In selecting a laser system instead of an ink-jet printer, O'Brien notes that the incremental capital of the Focus S10 system was cost-justified, since it had no consumables and was more reliable than the ink-jet printers he evaluated. In addition, the system generates clean, permanent, high-resolution marks and codes, and could be easily installed on most production lines because of its compact footprint.

By O'Brien's estimates, the laser-coding equipment costs nearly half of what it costs to operate many ink-jet systems annually. "When we factored in the consumable costs for ink-jet systems, we found that the lower-priced laser coders represent a better value, once the total ownership costs are considered," he says.

"The improvement we've realized is clearer, more consistent, more reliable codes," O'Brien says. "Laser coders work well with printed fiberboard cartons due to the color contrast of the dark-blue-printed board. The code wheels, which imprinted a code onto one carton flap, didn't work that well. The imprint varied, depending on board thickness and machine speed, and the code had a fixed character size and spacing. The laser code can be easily varied by carton size to produce a smaller code on smaller cartons."

The steered-beam laser-coding system directs a laser beam through a series of vectors in the printhead to create more defined, clearer, more precise alphanumerics than possible with a conventional dot-matrix or other ink-jet printer, according to Videojet. A removable, password-protected, hand-held user interface provides a large keypad and a simple-to-use touchscreen with a what-you-see-is-what-you-get (WYSIWYG) display that can be viewed at different angles. The printer uses air-cooled, carbon dioxide (CO2) technology to provide clean operation without the need for fluids, parts and routine maintenance.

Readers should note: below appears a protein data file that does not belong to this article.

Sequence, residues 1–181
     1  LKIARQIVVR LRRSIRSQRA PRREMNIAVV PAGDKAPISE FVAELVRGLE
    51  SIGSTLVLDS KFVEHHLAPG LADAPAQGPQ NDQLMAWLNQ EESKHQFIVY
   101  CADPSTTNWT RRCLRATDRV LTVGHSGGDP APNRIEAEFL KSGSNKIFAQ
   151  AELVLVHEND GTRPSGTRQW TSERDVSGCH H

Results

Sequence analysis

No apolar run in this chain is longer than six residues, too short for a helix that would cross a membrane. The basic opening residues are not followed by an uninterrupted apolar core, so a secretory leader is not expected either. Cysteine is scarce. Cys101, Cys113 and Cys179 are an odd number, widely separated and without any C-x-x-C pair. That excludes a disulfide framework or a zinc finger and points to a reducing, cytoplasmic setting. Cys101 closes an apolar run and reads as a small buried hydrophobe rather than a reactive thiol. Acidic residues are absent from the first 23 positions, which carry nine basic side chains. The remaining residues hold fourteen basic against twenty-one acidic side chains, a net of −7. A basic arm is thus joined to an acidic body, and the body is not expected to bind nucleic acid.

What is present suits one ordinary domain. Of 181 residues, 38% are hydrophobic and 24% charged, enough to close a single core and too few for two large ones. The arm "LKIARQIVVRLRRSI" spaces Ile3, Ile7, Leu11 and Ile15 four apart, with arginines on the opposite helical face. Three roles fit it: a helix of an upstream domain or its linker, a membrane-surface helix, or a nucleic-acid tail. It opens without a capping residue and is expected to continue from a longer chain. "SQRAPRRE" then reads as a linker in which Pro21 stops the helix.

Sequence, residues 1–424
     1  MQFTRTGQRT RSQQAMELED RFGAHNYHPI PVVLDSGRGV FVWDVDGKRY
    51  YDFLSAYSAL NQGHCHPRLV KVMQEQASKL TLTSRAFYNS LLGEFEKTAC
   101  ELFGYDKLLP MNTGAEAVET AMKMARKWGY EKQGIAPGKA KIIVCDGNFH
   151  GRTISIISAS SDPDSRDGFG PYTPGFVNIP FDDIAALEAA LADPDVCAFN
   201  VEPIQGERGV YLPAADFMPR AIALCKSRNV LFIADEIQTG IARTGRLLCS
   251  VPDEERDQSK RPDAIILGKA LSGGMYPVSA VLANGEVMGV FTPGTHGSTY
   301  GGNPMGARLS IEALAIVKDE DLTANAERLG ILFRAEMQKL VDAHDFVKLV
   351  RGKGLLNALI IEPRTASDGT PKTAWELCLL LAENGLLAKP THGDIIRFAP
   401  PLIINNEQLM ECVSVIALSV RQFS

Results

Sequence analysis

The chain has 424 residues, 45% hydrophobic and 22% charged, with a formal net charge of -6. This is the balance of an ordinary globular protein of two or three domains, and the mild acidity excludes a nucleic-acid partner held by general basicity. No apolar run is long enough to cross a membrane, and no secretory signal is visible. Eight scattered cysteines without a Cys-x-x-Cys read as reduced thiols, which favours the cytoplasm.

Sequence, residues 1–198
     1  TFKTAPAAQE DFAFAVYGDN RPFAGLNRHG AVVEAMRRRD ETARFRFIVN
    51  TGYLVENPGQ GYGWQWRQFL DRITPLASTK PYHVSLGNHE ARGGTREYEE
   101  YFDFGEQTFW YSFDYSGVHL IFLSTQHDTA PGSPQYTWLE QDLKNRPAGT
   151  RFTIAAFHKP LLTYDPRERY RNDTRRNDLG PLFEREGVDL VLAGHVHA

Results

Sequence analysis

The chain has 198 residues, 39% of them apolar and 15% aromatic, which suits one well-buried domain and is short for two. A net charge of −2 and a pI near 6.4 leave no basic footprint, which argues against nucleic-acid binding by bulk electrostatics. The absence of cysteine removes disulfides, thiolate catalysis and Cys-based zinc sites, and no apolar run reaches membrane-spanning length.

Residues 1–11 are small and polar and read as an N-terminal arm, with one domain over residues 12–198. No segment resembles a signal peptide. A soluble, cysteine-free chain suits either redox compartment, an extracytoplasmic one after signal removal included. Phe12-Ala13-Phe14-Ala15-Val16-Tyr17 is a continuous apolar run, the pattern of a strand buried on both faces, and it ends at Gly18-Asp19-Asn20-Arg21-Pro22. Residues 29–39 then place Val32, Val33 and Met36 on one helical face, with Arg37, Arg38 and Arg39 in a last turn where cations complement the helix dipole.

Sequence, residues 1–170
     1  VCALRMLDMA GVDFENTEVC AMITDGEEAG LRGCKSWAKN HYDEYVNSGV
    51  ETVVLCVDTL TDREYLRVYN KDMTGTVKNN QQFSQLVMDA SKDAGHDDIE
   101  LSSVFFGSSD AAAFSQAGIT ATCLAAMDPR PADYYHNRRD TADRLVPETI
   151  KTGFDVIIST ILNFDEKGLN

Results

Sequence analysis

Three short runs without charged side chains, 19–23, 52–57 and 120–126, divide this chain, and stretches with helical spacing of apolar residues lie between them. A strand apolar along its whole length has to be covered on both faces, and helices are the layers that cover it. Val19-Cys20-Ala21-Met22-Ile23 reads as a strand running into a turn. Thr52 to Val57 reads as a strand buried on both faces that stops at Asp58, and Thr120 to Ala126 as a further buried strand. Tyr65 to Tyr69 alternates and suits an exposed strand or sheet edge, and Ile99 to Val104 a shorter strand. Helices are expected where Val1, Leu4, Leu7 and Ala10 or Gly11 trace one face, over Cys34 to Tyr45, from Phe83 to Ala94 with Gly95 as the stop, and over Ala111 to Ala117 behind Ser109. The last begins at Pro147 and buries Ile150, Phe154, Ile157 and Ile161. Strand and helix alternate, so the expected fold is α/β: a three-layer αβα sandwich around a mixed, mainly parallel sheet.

Mounted within each cartoning machine, the laser coder generates a two-line production code and time stamp on the cartons as they travel through.

With the equipment/technology selected, O'Brien says he and his team began to integrate the Focus S10 laser coder into an existing production line. Next, they purchased their first Focus S10 printer and installed it in March of 2002, testing the system for a month to confirm that it would meet P&G's criteria.

The test pointed out any integration issues that could arise, so that actual issues, if any, could be resolved. Once the testing was complete, P&G decided to purchase additional units to be rolled out through the entire facility. The production area where the 10-watt coders were installed is temperature- and humidity-controlled to approximately 70 deg F, with 60-percent RH.

The printers delivered excellent code print contrast for visibility and improved code legibility, though the cartonboard was pretty easy to code using the laser system. The Focus S10 systems also eliminated the daily task of stopping the machine at midnight to change the date code in the debossing wheel, O'Brien says. Now, the code is automatically changed in seconds. "This has eliminated machine stoppages and saves operator effort," O'Brien says. The added production time stamp feature provides more accurate product traceability than could the former debossing wheel coders and enables P&G to reduce scrap in the event of a quality issue. Videojet's Reg LaMere points out that while it's not inspecting the printed message, the laser-coding system, being linked with a PLC, can monitor whether or not the system receives the signal to print the carton and, once it gets the signal, indicates whether it's actually printing.

Training program developed
Technical and sales support has also been exceptional, O'Brien adds. P&G's electrical operators received in-depth technical training from a Videojet trainer on operating the laser coders and from there, P&G developed its own program for the rest of the line operators.

More information is available:

Laser coders: Videojet Technologies, Inc., 800/843-3610. Circle No. 212.

Cartoners: R.A. Jones & Co., Inc., 859/341-0400. Circle No. 213.